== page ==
And that reminded me… A new year, with new possibilities.  It’s a bit terrifying…

“Amanda, do you wanna go to that concert in July?” “How about coming to the graffiti festival in Montreal in June?” “What do you wanna do for your birthday Steve?”

So many questions about the future, most that I’m unable to answer.  I don’t have a job yet, but I’m looking for one, which pretty much means my life is in the air.

Where will I be in 3 weeks, 3 months or 3 years?  I have no idea!

I found this excerpt that I could really relate to…

The problem? Too many options When you live abroad, there’s a deadline to the experience. Your trip is a bookend that makes everything feel special and like you’re working toward something. Back home, with no finishing date, life can suddenly feel overwhelming or excruciatingly boring. Suddenly, you have to make decisions about your life rather than just your day.

I guess I’m a grown-up now, and have to get a real job with actual responsibilities.

So how have I been doing lately? Honestly, I’m not too sure. I’m keeping busy, but I feel a bit apathetic and melancholy to be honest. I guess it’s a combination of winter time blues and not having a reason to get up in the morning. Plus, everyone knows that job hunting is awful!  Also, I’m getting a lot of conflicting feedback… like ToDoist says I’m one of the top 1% of planners using their app… yay, I’m super productive!  But “2048” (a game on my phone) also let me know I played so many times I won. *sigh* Am I doing the best I can, or should I be striving for more?  Do others expectations matter to me as much as I think they do, or is it okay to be unemployed for a little bit?  I feel like even Facebook and LinkedIn are judging me when they say that my “current job” field is blank, and that I should update it… :(

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You can view the ToDoist report here.

One thing I’m trying to do is to get out at least 4 times a week.  Whether that’s the gym, an event in the city, or a nice dinner with Steve.  It definitely helps to get out of the house.  I also just started a new course called “The Challenges of Global Poverty” that I hope is interesting, and will maybe give me a better idea of a direction to head in.  But for now it’s back to silly fb games, watching netflix, sleeping in… oh yeah, and some job applications in between!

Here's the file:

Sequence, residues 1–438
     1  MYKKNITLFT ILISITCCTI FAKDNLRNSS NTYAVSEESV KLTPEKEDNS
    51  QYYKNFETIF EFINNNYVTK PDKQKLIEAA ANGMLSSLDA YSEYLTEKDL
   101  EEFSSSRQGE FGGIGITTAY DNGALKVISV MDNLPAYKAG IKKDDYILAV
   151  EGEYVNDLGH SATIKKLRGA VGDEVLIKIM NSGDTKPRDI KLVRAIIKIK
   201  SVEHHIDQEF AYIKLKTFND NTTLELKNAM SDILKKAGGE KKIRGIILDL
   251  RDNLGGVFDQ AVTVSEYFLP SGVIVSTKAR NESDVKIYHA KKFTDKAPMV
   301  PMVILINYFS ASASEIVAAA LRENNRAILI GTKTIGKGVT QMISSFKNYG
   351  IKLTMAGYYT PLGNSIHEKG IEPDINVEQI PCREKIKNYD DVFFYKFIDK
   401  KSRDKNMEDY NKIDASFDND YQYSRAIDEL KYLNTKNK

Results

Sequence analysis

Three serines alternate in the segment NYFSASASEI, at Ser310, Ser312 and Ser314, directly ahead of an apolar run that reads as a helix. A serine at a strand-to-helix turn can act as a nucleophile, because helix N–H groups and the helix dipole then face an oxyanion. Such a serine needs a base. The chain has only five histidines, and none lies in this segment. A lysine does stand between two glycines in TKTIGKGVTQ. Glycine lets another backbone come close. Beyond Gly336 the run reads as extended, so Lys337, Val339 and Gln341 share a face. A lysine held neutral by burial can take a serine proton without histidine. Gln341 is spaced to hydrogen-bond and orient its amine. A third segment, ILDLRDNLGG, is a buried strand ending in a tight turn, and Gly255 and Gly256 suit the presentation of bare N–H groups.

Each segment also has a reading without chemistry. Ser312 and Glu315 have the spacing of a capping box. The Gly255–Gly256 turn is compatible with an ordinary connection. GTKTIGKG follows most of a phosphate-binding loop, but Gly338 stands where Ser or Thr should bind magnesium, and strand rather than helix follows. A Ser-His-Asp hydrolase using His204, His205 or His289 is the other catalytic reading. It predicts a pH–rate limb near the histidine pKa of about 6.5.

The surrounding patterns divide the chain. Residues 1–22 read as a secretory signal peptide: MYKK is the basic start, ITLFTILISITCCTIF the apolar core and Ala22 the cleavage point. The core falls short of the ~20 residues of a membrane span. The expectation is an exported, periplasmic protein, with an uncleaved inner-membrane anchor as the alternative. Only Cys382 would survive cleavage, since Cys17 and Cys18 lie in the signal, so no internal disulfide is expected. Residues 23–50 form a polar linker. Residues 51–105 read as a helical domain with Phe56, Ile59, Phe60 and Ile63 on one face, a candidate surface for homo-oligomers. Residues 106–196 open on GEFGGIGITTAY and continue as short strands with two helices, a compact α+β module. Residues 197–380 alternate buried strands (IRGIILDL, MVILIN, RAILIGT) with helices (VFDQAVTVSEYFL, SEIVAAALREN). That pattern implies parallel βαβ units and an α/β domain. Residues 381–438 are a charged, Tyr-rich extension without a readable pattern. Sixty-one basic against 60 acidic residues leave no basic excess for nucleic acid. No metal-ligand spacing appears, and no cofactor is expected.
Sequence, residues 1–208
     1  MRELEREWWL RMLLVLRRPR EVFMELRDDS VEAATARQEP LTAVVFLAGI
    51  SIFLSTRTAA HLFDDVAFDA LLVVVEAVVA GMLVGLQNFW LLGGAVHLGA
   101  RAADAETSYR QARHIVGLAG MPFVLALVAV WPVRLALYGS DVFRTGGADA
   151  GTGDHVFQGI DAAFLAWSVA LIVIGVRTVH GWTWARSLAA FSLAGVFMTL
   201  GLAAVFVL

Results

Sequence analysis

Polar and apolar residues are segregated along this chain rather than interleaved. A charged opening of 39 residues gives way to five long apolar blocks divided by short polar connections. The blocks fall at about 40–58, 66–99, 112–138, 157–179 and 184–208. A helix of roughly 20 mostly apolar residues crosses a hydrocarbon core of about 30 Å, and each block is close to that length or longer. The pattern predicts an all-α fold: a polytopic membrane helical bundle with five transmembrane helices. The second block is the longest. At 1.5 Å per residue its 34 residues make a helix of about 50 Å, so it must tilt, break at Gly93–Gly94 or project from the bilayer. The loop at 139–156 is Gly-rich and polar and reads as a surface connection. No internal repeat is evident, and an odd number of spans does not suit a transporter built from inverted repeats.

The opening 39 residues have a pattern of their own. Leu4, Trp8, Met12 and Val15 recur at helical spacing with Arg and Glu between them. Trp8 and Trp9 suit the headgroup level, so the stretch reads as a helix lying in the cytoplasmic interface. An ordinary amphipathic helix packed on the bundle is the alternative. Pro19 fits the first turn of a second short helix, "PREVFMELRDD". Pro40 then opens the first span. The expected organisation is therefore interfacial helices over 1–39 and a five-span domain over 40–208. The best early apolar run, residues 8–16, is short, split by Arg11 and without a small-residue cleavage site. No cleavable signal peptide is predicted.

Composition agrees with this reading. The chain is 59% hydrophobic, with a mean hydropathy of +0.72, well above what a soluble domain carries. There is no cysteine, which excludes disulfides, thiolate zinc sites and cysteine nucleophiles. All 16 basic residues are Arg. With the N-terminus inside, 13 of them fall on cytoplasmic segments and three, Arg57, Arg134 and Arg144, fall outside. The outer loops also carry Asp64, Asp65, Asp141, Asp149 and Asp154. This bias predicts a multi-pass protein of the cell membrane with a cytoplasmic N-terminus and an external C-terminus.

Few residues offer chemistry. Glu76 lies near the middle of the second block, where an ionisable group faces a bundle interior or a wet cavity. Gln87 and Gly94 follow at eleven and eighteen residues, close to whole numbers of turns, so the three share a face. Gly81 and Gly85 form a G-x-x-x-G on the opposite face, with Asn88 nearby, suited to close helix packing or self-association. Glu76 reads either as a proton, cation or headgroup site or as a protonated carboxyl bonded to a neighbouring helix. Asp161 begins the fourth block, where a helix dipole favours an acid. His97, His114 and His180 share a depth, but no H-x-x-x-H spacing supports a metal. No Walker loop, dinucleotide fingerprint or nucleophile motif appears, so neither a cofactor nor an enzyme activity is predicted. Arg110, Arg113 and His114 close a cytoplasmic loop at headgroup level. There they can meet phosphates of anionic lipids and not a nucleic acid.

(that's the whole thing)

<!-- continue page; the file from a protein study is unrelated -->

Anyway, sorry to whine.  Just wanted to be honest with you guys about where I’m at.  We can’t all be happy and successful all the time.  I guess this is just part of my roller-coaster that we call life. Hopefully there’s a big hill on the horizon!

Christmas in Mexico – Sun, Sand and Margaritas!

During the summer, my mom was asking my sister (Shannon) and I what we should do for Christmas.  We both went to Vancouver to visit Shanni last year, so we figured this year we should all go somewhere instead (especially since it’s about the same price – and a lot more fun – than the three of us flying to Vancouver).  My mom loves the beach, so we decided to hit up Mexico since Shan had never been.  So, less than a week after getting back from Ghana, Steve and I packed up our stuff and woke up at 3 am to fly to Cancun.  My mom met us at the airport, and we got some breakfast before our 6am flight.  The early morning was a killer, but it was worth it to be in Mexico and able to explore by the afternoon.  After we arrived at the airport (and all my Christmas gift wrapping was ruined by customs), we took the one hour bus to Playa del Carmen.  My sis would be meeting us there in the afternoon.

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Instead of staying on an all-inclusive resort, we decided it would be cheaper (and more fun) to just rent a hotel.  I’m glad we did!  Playa del Carmen feels super safe to walk around, and there is lots of public access to the beach.  You can rent chairs and umbrellas for pretty cheap, and get yummy margaritas anywhere you go on the beach.  For those who’ve never been, Playa has a great “main drag” that runs parallel to the beach, called 5th Avenue.  It has tons of cute shops and great restaurants.  It was great getting to wander around and try something new every night!